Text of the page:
Those spiders in your home are actually doing more good than bad
By Mary Dennehy
IN RECENT weeks, The Echo has been contacted by members of the public who are freaking out over spider invasions in their homes, a situation which has been heightened by media reports of giant, highly venomous spiders on the hunt for humans.
To find out why people are reporting an increase in the number of spiders lodging in their homes, we visited Tallaght resident Collie Ennis, who, working in the Zoology department at Trinity College, is a spider enthusiast, expert and researcher – who has a shed of creepy crawlies out his back garden.
Collie told The Echo: “Spiders are predators and they take down all of the other micro-fauna that we don’t like, such as flies and stuff that will eat your furniture, like wood lice.
“Spiders clean-up for you, they’re cheaper than Rentokil.”
When asked about reports of larger-than-normal, long-legged spiders in local homes lately, Collie said: “This is the European giant house spider and why everybody is seeing them at this time of the year is because the males are going off looking for romance.
“Another reason is that when chilly, spiders go into human dwellings to get warm, but generally males are out looking for females.”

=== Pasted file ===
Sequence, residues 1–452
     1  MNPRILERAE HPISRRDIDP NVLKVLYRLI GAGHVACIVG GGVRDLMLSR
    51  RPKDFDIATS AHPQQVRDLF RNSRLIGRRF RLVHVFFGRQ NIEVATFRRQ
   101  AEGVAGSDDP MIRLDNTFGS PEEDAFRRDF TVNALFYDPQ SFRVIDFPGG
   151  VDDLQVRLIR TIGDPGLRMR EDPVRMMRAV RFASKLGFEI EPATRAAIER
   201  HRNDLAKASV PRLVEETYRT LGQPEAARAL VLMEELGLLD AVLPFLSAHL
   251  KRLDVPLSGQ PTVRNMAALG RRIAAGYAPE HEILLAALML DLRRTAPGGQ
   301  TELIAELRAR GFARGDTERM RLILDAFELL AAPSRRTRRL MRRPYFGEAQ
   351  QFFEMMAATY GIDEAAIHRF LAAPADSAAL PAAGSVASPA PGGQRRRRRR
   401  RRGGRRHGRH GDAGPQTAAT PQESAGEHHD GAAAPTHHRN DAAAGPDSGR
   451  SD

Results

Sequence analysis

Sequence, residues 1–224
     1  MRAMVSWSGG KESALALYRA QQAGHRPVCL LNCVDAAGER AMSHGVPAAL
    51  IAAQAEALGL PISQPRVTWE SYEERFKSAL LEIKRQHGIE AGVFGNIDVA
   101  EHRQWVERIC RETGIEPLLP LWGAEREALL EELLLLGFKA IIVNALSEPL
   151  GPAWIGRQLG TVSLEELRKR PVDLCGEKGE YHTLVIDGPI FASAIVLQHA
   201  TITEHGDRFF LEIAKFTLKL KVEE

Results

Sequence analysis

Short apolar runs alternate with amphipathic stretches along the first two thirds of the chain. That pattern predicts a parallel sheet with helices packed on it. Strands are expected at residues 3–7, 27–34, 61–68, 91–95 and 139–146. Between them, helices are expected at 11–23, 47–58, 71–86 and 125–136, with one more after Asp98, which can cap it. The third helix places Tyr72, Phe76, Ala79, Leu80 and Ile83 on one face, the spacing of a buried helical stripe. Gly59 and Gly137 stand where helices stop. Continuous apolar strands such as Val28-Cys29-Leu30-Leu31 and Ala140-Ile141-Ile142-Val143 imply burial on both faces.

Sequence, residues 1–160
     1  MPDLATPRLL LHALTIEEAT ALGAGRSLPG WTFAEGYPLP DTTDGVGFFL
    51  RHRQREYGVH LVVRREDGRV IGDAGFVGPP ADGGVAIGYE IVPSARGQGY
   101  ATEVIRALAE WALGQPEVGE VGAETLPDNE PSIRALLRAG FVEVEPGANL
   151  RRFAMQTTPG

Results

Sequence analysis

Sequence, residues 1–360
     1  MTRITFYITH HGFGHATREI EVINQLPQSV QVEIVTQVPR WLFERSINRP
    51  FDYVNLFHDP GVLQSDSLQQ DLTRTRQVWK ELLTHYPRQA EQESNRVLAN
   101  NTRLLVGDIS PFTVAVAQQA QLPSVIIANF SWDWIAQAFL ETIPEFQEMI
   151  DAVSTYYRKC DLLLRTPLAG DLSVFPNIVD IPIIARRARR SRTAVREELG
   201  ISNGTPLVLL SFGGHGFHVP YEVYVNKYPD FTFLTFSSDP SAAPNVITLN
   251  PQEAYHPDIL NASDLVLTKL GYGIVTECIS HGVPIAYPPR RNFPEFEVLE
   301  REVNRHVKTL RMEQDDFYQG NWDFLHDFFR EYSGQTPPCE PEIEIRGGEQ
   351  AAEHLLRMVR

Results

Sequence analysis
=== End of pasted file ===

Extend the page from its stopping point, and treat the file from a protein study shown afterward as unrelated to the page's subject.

He added: “They are not getting any bigger, even though we’re hearing reports of giant spiders attacking people.
“They are definitely not dangerous and pose no threat to your, your pets or your kids, they’re just doing what they do.
“There are been a lot of social media and press hysteria over these spiders, but it’s been a warm, muggy summer and there are lots of bugs around.
“Lots of bugs means lots of prey for spiders.”
The false widow spider, with the skull-like imprint on its back,is another specie of spider that has homeowners packing their bags and running for the hills.
However, according to Collie: “The false widows are getting a bad rep in the press and unjustifiable so.
“These are rather shy and illusive creatures that don’t want to be noticed . . . they want to be left alone to do what they do, which is to catch small invertebrate and eat them – which is very useful in your home.”
When asked about reports of people being hospitalised from a false widow bite, Collie said: “That can happen when you are bitten by anything that you’re allergic too.
“Every spider has venom, they need it to survive . . . but if you happen to be allergic to that venom, you will have a reaction, which can happen with bees or wasps too.”
For anybody who can’t live with spiders, Collie suggests using a glass and some paper to safely remove them from their home.
To follow Collie visit the Critter Cave on Facebook or visit The Echo’s Facebook page or Echo.ie to watch a video interview with Collie.